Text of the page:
How well does Linked in’s fraud protection work?

Grant Eldred is the Chief People Officer of the world’s largest law firm – Clifford Chance. I worked with him at the start of his career, he is one of the most professional people I have ever met.

Do you think he would be sending this message?

 

Grant Eldred 12:08 PM
Hi there,

I hope this message finds you well! We have a confidential project from Clifford Chance which we are presently taking on. We are 5 in team and It’s still in initial stages of follow up.

From your profile, We see your competences could be useful. kindly access this proposal via the extension below and advise.

(tinyurl.com/CLIFFORDCHANCEUK)

We look forward to your prompt and…. (you can guess the rest)

Well I reported this nonsense as a phishing attack and suggested to Linked in that the account had been hacked. The link was live on the message and presumably had been sent to Grant’s connections (of which I was one).

Within 30 minutes of  my report, Linked in had sent me this message.



This message was “not what I wanted to see”!

I wrote back to Linked in

This account looks like it has been hacked and is being used for phishing – I have reported it to you and you see nothing wrong – I think you should be more vigorous

I got through to Grant and he confirmed that his account had been hacked and that linked in were in the process of closing it down.

And only two hours after Linked in told me they saw nothing wrong with Grant’s hacked messaging, the account did come down.

But how many people clicked the link? How easy would it have been for me to click the link having been told by Linked in that it did not violate any of its Professional Community Policies.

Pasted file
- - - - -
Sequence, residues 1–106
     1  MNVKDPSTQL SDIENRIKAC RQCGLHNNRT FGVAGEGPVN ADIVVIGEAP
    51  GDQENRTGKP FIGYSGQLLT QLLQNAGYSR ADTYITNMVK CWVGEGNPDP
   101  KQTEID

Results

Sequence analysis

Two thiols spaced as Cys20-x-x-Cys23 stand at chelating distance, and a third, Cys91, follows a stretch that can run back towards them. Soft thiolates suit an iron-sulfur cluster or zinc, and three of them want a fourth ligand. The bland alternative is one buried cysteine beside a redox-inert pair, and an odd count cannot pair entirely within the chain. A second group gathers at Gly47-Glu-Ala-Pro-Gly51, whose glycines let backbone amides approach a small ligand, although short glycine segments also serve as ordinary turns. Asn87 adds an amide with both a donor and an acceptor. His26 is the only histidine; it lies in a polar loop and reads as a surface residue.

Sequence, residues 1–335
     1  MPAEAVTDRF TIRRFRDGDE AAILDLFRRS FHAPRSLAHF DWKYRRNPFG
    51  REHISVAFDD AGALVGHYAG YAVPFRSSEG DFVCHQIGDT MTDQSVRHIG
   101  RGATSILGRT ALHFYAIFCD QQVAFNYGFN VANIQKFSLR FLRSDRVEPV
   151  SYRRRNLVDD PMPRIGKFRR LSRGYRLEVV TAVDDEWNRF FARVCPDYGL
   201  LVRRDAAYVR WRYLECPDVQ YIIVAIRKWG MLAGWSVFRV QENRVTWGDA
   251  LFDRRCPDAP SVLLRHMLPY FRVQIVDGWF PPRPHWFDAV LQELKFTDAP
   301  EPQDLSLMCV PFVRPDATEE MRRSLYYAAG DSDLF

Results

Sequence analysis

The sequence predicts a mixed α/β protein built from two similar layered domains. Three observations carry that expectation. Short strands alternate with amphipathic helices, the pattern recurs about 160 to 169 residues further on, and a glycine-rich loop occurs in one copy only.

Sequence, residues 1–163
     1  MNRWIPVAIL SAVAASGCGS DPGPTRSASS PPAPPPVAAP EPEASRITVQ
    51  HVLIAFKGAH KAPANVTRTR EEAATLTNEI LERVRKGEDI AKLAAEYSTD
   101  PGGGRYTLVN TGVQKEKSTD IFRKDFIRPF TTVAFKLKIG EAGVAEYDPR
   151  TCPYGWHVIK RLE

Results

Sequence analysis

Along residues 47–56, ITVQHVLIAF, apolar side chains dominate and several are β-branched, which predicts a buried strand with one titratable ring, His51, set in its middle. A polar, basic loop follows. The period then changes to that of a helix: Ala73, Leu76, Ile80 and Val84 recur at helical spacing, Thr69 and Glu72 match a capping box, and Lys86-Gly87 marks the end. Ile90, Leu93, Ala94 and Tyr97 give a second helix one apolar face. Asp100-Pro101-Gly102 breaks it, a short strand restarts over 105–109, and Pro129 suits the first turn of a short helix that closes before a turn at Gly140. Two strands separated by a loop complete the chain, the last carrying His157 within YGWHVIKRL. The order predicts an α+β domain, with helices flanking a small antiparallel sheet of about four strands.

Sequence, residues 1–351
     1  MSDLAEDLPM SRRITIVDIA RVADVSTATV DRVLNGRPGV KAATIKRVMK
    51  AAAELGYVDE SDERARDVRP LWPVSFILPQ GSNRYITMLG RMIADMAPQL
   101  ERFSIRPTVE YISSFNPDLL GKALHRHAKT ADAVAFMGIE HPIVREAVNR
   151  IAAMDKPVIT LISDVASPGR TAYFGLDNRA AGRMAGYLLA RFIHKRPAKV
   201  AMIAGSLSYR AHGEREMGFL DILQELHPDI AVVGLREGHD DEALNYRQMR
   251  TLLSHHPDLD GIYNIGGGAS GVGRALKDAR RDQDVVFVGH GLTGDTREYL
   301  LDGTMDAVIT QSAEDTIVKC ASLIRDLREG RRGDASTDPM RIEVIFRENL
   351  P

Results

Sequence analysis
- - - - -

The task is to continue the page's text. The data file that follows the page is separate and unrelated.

The Linked In Trust and Safety Team have been found wanting. How accountable are they?

If you want to change the standards of protection, why don’t you send  Linkedin customer support the link to this blog?

After all, if it can happen to the Chief People Officer of Clifford Chance, it could happen to you.


Case closed?

Linked in are good at these mails and they do at least give the impression that someone will look into matters (more than you get from Action Fraud). But the reality is that mails from a hacked account went out and no warning has been sent to those who received them. People will have clicked the link and may have suffered consequences.

Surely Linked in can and should do more where cases like this are brought to their attention.

About henry tapper

Founder of the Pension PlayPen,, partner of Stella, father of Olly . I am the Pension Plowman
This entry was posted in pensions and tagged , , . Bookmark the permalink.

2 Responses to How well does Linked in’s fraud protection work?

  1. ConKeating says:

    I stopped using linked-in for a very long time after suffering a similar incident – I now use it only rarely – that was a few years ago – clearly they have not improved.

  2. Peter Beattie says:

    Henry. A ‘Link’ is a well known trap on ALL Websites ‘professional’ or not. You cannot legislate for all eventualities and ‘common sense’ should always apply. Never send sensitive information via ‘a link on a Website’ – it could go anywhere and ‘absolute safety’ is a falsehood

Leave a Reply to ConKeating Cancel reply